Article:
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Samson et Dalila Met 1941 | IPCD 1084-2

Reviews for IPCD 1084-2



Saint-Saëns SAMSON ET DALILA


SAINT-SAËNS Samson et Dalila • Wilfred Pelletier, cond; René Maison (Samson); Risë Stevens (Dalila); Leonard Warren (High Priest); Nicola Moscona (Old Hebrew); Norman Cordon (Abimélech); Ch & O of the Metropolitan Op House, New York • IMMORTAL PERFORMANCES 1084 mono (2 CDs: 145:20) Live: Metropolitan Opera House, New York 12/13/1941


& Samson et Dalila: Act II, scene 3 (complete). Mill Scene. Piero Coppola, cond; Marie Duchêne (Dalila); César Vezzani (Samson); unidentified Ch and O.


Ken Meltzer
FANFARE magazine
September / October 2017


A new release on the Immortal Performances is billed as a “World Premiere” issue of a December 13, 1941 Metropolitan Opera broadcast of Samson et Dalila. According to producer Richard Caniell, NBC’s transcription of the broadcast has long been assumed lost or destroyed. However, Wilfred Pelletier, the conductor of the broadcast, often arranged for private transcriptions of his performances. I assume it is the Pelletier transcription that serves as the source for the new Immortal Performances issue. We are indeed fortunate that Pelletier had the foresight to preserve this Samson broadcast, for it documents an outstanding performance by a first-rate cast. The Belgian tenor René Maison sang at the Met from 1936 to 1943, specializing for the most part in German and French repertoire. Maison, a singer with a commanding stage presence, heroic voice, and idiomatic grasp of the French language and repertoire, was well equipped to undertake the role of Samson, the tragic Biblical hero. Apart from a rather opaque B♭ at the conclusion of “Mon coeur s’ouvre à ta voix,” Maison is in fine voice throughout the broadcast. In his entrance scene, Maison often seems tempted to rush ahead of Pelletier’s beat. But from then on, the tenor and conductor achieve a meeting of the minds. In the pivotal act II confrontation with Dalila (Delilah), Maison proves himself an intense and committed actor, as well as a sensitive musician, willing to explore a wide range of dynamics and vocal colors. Here, and in the act III Mill Scene, Maison creates an intensely moving portrait of a man tortured by his love for Dalila, with the inevitable resulting fall from grace. Even after a full afternoon of heroic singing, Maison is able to summon his resources for Samson’s clarion plea to God at the opera’s conclusion. This is an important document of one of the Met’s valuable singers during the 1930s and 40s.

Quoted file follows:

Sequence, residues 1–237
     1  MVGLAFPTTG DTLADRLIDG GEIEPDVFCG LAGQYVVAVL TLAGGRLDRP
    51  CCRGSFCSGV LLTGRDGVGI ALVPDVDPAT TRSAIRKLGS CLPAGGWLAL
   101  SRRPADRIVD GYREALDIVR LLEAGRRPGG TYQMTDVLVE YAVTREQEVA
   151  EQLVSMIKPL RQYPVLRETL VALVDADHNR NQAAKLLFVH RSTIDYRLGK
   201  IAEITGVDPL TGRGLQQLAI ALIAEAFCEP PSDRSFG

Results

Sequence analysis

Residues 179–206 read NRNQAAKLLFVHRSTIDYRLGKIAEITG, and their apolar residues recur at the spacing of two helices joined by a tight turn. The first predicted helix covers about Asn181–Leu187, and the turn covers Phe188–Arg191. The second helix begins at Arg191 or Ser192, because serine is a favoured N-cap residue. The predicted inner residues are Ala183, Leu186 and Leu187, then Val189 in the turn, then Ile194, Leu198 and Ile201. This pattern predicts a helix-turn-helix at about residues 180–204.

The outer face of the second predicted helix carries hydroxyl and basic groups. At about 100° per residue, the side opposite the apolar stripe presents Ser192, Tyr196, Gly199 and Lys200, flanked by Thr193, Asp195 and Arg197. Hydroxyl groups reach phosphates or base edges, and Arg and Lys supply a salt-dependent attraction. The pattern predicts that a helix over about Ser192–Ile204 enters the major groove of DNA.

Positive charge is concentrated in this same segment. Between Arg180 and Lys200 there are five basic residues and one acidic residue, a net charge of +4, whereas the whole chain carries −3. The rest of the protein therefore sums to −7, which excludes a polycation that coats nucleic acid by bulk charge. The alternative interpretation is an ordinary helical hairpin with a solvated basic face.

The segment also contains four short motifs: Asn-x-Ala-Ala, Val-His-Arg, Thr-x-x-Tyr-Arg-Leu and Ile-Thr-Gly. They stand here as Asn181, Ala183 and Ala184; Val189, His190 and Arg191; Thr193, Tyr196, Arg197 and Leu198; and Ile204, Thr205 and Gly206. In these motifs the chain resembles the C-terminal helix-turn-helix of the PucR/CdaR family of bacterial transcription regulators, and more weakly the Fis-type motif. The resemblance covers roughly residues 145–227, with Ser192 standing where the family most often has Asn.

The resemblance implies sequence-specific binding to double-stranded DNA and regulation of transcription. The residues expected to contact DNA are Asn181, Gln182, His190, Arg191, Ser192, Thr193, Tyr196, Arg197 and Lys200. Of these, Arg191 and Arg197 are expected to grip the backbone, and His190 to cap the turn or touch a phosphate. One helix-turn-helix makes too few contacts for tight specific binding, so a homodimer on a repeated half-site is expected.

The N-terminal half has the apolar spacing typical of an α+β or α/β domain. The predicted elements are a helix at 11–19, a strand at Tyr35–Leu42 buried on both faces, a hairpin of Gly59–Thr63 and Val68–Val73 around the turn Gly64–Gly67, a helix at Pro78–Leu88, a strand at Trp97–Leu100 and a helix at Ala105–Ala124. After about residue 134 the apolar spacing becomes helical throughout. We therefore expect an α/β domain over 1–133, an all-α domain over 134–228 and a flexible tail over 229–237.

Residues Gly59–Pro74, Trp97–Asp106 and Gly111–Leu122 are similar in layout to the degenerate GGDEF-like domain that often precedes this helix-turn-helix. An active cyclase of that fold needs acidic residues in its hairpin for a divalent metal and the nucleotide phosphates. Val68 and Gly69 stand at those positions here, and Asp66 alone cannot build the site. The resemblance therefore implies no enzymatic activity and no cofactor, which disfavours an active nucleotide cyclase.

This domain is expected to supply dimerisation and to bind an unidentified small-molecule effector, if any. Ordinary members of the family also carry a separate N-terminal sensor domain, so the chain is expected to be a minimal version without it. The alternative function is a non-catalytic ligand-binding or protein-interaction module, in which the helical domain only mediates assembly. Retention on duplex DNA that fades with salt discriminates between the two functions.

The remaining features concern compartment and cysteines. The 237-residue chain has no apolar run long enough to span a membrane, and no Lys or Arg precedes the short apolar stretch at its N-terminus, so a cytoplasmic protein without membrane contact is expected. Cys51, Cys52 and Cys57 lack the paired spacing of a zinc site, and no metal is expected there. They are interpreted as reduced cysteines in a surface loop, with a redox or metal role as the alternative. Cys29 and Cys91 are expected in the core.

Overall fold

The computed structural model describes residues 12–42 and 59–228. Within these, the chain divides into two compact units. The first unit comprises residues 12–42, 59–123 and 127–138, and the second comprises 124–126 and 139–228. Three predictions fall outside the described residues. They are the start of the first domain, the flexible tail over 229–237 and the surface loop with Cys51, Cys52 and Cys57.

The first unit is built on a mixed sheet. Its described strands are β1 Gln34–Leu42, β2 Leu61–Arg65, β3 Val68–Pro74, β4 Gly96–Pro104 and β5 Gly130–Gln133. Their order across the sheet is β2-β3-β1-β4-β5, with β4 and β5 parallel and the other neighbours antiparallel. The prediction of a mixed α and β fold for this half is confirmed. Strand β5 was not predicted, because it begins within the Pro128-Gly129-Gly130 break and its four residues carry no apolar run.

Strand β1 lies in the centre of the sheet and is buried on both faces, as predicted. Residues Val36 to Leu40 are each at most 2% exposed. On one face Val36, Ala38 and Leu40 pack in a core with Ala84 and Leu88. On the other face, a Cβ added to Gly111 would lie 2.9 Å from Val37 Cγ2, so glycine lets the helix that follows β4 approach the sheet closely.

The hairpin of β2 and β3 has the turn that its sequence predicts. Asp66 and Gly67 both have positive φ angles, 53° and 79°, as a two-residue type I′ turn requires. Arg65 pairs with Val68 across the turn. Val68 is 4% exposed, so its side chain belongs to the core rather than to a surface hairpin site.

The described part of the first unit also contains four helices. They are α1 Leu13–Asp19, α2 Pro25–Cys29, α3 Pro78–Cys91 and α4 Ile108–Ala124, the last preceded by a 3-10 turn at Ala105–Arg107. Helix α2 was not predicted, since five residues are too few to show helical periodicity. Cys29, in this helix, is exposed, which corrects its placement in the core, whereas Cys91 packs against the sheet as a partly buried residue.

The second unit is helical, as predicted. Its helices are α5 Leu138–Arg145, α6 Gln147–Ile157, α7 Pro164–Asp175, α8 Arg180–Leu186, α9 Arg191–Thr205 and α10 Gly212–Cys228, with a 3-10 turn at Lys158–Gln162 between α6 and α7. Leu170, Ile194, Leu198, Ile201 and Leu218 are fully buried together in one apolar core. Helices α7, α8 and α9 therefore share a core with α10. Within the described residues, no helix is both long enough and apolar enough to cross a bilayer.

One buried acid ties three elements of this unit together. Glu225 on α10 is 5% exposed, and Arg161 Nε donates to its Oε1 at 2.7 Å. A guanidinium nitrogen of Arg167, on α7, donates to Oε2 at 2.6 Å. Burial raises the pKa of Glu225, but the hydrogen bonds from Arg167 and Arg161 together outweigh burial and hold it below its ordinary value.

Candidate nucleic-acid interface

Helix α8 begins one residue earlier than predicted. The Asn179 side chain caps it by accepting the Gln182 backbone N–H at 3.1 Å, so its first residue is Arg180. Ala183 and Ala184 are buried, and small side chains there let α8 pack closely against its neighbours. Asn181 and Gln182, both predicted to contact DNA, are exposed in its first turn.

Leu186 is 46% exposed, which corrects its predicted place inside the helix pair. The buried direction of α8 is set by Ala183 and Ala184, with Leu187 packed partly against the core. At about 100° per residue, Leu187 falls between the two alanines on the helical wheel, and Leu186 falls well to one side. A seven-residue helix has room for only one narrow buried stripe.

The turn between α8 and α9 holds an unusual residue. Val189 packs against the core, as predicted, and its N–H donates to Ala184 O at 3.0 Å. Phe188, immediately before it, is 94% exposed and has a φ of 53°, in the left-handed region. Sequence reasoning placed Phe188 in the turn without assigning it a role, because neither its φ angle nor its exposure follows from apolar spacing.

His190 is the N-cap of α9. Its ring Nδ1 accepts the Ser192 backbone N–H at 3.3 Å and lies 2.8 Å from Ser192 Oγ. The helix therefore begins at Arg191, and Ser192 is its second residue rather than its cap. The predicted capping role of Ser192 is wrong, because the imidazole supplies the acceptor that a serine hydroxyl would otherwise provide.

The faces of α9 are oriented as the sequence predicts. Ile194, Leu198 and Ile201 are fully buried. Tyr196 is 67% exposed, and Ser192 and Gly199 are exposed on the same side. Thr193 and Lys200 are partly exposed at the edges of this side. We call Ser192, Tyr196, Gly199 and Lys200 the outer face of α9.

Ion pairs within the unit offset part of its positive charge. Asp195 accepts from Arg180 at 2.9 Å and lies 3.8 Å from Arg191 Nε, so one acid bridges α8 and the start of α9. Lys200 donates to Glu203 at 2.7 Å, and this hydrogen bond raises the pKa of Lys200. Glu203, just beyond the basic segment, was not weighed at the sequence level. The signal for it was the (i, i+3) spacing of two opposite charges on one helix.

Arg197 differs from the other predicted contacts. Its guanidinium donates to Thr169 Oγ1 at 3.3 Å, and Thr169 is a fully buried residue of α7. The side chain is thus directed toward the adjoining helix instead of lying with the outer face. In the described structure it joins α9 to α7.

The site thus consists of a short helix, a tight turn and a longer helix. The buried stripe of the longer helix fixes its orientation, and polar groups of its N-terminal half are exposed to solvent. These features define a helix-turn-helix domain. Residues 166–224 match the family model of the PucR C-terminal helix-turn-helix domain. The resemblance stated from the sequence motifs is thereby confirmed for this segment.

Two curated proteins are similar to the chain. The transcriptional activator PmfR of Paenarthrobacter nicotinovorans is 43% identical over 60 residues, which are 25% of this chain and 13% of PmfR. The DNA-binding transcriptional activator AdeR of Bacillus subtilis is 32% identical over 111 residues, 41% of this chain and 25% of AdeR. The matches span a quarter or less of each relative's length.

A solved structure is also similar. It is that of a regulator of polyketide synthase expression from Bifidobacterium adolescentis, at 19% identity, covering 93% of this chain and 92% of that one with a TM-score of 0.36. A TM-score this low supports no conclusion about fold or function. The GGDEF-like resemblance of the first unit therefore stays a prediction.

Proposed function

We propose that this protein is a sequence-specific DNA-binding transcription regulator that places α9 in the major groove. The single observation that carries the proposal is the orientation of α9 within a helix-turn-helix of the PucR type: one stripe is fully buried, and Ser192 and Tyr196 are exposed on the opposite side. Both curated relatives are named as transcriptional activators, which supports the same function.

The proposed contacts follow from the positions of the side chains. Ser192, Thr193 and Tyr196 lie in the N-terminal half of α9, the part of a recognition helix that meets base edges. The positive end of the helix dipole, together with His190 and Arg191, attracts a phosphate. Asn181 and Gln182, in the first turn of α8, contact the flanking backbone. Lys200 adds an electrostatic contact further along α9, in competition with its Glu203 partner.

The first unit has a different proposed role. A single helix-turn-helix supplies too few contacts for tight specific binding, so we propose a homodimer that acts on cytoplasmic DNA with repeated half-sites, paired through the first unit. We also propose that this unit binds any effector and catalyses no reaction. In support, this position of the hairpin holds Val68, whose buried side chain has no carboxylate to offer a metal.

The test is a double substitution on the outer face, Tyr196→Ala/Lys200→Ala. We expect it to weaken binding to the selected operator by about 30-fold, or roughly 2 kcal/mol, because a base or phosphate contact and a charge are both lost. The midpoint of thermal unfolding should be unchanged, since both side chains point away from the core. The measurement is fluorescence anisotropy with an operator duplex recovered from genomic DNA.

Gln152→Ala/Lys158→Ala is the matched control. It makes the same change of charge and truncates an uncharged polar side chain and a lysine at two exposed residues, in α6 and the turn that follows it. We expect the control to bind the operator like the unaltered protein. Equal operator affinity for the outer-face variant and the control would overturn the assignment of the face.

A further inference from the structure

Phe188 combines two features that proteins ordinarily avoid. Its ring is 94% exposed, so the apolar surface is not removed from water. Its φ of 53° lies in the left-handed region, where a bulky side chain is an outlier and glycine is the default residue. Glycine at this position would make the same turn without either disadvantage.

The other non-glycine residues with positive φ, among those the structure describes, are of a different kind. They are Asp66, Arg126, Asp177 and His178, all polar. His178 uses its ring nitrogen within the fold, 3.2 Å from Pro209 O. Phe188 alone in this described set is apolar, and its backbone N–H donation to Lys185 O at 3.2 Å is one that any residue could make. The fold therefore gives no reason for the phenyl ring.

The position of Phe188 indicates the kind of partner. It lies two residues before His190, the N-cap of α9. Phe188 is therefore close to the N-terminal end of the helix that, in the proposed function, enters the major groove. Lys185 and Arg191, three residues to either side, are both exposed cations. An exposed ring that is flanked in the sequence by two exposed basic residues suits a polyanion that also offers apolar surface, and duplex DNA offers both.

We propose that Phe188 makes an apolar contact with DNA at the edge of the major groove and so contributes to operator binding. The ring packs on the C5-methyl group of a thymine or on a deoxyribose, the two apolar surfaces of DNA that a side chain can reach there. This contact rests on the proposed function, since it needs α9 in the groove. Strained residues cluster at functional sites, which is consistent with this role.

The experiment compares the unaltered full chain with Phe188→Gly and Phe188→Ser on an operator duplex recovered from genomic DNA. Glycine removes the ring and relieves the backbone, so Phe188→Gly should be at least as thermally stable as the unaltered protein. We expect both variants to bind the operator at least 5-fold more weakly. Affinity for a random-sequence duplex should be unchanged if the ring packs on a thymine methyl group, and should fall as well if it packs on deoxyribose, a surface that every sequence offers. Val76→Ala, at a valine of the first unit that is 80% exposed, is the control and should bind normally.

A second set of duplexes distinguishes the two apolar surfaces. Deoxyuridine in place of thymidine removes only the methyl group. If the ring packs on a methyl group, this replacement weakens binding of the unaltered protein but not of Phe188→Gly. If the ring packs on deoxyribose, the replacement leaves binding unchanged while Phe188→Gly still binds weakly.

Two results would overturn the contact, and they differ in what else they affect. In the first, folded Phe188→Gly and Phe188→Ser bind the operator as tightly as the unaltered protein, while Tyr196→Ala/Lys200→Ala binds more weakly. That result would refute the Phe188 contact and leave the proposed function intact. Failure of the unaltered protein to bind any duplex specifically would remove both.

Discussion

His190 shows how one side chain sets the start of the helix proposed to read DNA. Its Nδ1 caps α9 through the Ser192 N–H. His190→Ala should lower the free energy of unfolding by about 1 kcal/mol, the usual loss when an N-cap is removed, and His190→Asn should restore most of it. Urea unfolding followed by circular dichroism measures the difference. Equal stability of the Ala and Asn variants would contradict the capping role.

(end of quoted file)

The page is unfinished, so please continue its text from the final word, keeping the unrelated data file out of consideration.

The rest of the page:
Risë Stevens had a long and illustrious career at the Met (1938–1961). Carmen was of course the American mezzo’s most famous and often-performed Met role. But Dalila was central to her repertoire as well. Risë Stevens first sang the role on December 6, 1940, with her final Met Dalila taking place on tour in Toronto on May 29, 1958. The role of Dalila, scored for mezzo-soprano, is often sung by artists with a rather matronly voice and stage presence. But on this occasion, Risë Stevens is in her youthful vocal prime. The timbre is most definitely that of a mezzo, and there is more than sufficient power when required. But Stevens’s voice brims with freshness and life, and the various registers are seamlessly blended. Stevens’s alluring vocal quality, at the service of her marvelously inflected and paced depiction of Dalila’s malevolent seduction of Samson, creates a totally convincing character. No suspension of disbelief required here! Like Risë Stevens, the great American baritone Leonard Warren made his Met debut in 1938. In the 1941 broadcast, Warren is in sterling voice, and sails with ease through the role of the High Priest. Warren’s glorious vocalism brings thrills enough, but he also throws himself into the role, relishing the Priest’s evil, vengeful, and decadent side. Norman Cordon and Nicola Moscona sing beautifully in the smaller roles of Abimélech, Satrap of Gaza, and the Old Hebrew. The French-Canadian conductor Wilfred Pelletier, long a mainstay at the Met in French repertoire, is superb throughout. Pelletier revels in the colors of Saint-Saëns’s eclectic and atmospheric score. He also manages, without ever rushing, to create and maintain an unwavering forward momentum. Pelletier’s sculpting of the act II scene for Dalila and Samson is particularly masterful, as he unerringly builds the tension of the impending storm—both the meteorological one, and that enveloping the two lovers. Pelletier, the soloists, and the Met Chorus and Orchestra have a grand time in the delightfully overblown concluding Temple Scene, eliciting ecstatic cheers from the audience. The recorded sound is typical of broadcasts of the period, which is to say not the equal of contemporary studio recordings, but far more than adequate to enjoy the proceedings. In short, this 1941 Met Samson et Dalila is in many ways a gem, and well worth hearing.